He is asking us to consider that aging and the accumulation of ailments and illnesses associated with aging make Dr. Henry’s suicide somehow different from the love-lorn teen, for example. Whereas we would all readily want intervention and suicide prevention for the latter we are being asked to discriminate against the aged and infirmed by offering them, or at least allowing them, access to suicide without any intervention. This is at the very least irrational. The Police, by their actions, confirmed that society still sees suicide as a tragedy and actively seeks to intervene where and whenever possible.
Nitschke would have us look the other way. “Police need to realise that in the UK suicide is not a crime, and mental health authorities need to recognise that not everyone who seeks to end their life is in need of psychiatric intervention.”
I have often heard Nitschke declare that the laws about suicide are something of a paradox. While claiming that ‘suicide is not a crime’ and noting that assisting in suicide is still prohibited, he claims in various ways that it is silly to maintain a prohibition on assisting in something that is not itself a crime. This is, of course, not the full story; it is an mischievous abbreviation that, once again, suits the business model.
The reason that the ‘aiding, abetting and counselling’ prohibition has never been removed from the law is because of the acknowledged risk of a third party or parties coaching, encouraging and assisting another person to their suicide; a heinous act. When Nitschke says that suicide ‘is not a crime’ he fails to add that this does not mean that suicide is legal but merely decriminalized; that is to say, denuded of any penalty under law. This prohibition tacitly acknowledges that people having suicidal thoughts are vulnerable to suggestion, coercion and abuse.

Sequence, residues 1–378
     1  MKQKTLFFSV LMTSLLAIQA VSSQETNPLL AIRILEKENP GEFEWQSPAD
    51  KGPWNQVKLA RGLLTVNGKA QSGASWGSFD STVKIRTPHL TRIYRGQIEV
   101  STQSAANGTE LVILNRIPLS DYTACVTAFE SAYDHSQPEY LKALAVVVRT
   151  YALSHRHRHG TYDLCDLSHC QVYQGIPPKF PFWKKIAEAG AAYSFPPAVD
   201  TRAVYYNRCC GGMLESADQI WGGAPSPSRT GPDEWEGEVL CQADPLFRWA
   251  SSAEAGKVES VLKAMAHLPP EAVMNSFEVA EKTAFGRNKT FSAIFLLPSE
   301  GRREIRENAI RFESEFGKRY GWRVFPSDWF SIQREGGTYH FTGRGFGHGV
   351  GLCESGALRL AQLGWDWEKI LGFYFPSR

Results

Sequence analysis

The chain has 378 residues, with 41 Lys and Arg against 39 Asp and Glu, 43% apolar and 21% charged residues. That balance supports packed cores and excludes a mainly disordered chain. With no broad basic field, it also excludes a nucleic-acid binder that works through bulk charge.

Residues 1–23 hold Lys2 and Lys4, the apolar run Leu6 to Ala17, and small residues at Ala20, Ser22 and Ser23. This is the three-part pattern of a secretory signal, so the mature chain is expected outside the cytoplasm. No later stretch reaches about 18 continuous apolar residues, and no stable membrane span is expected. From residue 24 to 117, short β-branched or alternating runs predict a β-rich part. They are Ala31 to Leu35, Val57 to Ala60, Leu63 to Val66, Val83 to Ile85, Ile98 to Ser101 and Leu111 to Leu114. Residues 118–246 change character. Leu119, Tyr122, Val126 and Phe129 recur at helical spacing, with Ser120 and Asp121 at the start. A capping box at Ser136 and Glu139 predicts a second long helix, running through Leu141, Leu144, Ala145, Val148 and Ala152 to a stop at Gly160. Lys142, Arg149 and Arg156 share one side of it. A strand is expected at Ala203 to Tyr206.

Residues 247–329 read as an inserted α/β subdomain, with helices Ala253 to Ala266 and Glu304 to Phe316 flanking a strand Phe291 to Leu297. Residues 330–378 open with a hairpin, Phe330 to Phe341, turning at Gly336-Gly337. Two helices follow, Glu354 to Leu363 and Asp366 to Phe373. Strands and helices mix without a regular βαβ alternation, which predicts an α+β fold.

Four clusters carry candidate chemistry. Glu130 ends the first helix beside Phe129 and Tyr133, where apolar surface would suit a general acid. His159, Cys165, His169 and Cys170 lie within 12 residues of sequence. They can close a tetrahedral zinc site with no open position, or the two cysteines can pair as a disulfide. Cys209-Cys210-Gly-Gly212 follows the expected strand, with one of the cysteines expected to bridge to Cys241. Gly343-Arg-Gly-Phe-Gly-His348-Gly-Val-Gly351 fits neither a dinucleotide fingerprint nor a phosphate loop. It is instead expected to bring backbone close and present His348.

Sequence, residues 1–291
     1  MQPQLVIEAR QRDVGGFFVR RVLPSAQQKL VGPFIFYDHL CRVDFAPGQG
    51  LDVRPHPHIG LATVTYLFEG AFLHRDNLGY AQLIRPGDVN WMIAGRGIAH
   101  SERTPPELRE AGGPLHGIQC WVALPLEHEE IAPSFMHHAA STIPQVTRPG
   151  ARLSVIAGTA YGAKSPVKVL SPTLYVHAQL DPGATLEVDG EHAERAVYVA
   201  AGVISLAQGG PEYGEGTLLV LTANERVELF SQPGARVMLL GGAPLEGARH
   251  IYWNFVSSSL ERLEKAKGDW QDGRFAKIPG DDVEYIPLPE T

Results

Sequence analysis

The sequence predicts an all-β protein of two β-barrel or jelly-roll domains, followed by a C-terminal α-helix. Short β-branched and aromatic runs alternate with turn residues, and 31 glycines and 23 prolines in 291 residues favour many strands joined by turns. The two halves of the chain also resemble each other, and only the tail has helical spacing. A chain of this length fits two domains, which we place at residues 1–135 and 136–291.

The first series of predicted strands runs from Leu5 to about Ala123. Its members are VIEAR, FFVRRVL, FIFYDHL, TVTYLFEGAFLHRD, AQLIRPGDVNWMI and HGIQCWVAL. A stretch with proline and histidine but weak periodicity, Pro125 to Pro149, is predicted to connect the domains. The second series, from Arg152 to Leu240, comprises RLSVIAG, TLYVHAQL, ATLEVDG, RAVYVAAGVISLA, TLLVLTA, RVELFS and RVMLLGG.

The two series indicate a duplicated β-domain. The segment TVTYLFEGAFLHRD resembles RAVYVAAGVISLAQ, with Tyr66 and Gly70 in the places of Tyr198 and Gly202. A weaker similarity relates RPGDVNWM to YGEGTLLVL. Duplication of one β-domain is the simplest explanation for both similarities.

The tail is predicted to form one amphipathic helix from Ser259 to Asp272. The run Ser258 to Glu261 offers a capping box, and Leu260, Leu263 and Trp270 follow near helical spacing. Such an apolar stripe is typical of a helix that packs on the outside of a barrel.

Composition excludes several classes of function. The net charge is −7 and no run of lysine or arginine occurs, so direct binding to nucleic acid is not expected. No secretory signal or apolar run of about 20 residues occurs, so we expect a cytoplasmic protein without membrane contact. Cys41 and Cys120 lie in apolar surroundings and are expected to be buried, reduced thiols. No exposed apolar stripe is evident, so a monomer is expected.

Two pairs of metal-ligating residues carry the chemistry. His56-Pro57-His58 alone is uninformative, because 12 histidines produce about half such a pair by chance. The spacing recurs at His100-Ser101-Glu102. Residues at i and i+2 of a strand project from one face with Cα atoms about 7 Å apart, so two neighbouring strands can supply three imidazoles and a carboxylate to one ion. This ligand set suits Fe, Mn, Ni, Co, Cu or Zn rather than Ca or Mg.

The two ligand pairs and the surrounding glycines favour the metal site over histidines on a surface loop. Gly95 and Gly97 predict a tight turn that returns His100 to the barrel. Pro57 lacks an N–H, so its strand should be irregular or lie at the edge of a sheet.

If in need of any further proof, committing an assault on a person by restraining them from suicide is the only place in law where assault on a person is not a crime. The police action in breaking down Dr. Henry’s door needs to be seen in that light.
Nitschke sees it differently: “To try to excuse such violent and threatening behaviour against a vulnerable elderly woman as a ‘concern for her well-being’ lacks any credibility”.
He tries to have it both ways
Suicide amongst the elderly is an acknowledged and growing concern. In Australia recently this fact was used to conclude that euthanasia should be made legal. This is nothing short of an abandonment of people in significant need and tacit confirmation that, as a society, we are prepared to ignore the underlying problems faced by the elderly by callous indifference.
Noone should doubt that as people age and their world shrinks as their friends pass or move away, the onset of illnesses in situations where human supports are reduced presents a very real problem. External reference points such as access to family members, quality care and life fulfilling moments may well become less frequent. But that is no reason to ndermine suicide prevention and no reason not to develop supports and resources for our elderly.
If we begin to allow assessments that a person is ‘housebound’ or experiencing ‘deteriorating health’ to cloud and distort our inclinations to help, we fall into the two-fold trap of judging their lives less worthy of the natural supports of human welfare and failing to committing ourselves as a society to find structural, human remedies.
And so, while Dr. Henry may well have been in some sense ‘rational’ she was also, undoubtedly, vulnerable. She needed the protection that the police tried to provide and not the slick marketing to which some such people easily fall prey.
Instead of actively trying to knock down the barriers designed to act as a pause for thought and a protection for such people, we need to apply ourselves, as humanity has always done, to find creative ways of dealing with a very real problem.
Editor’s note. This appeared at noeuthanasia.org.au.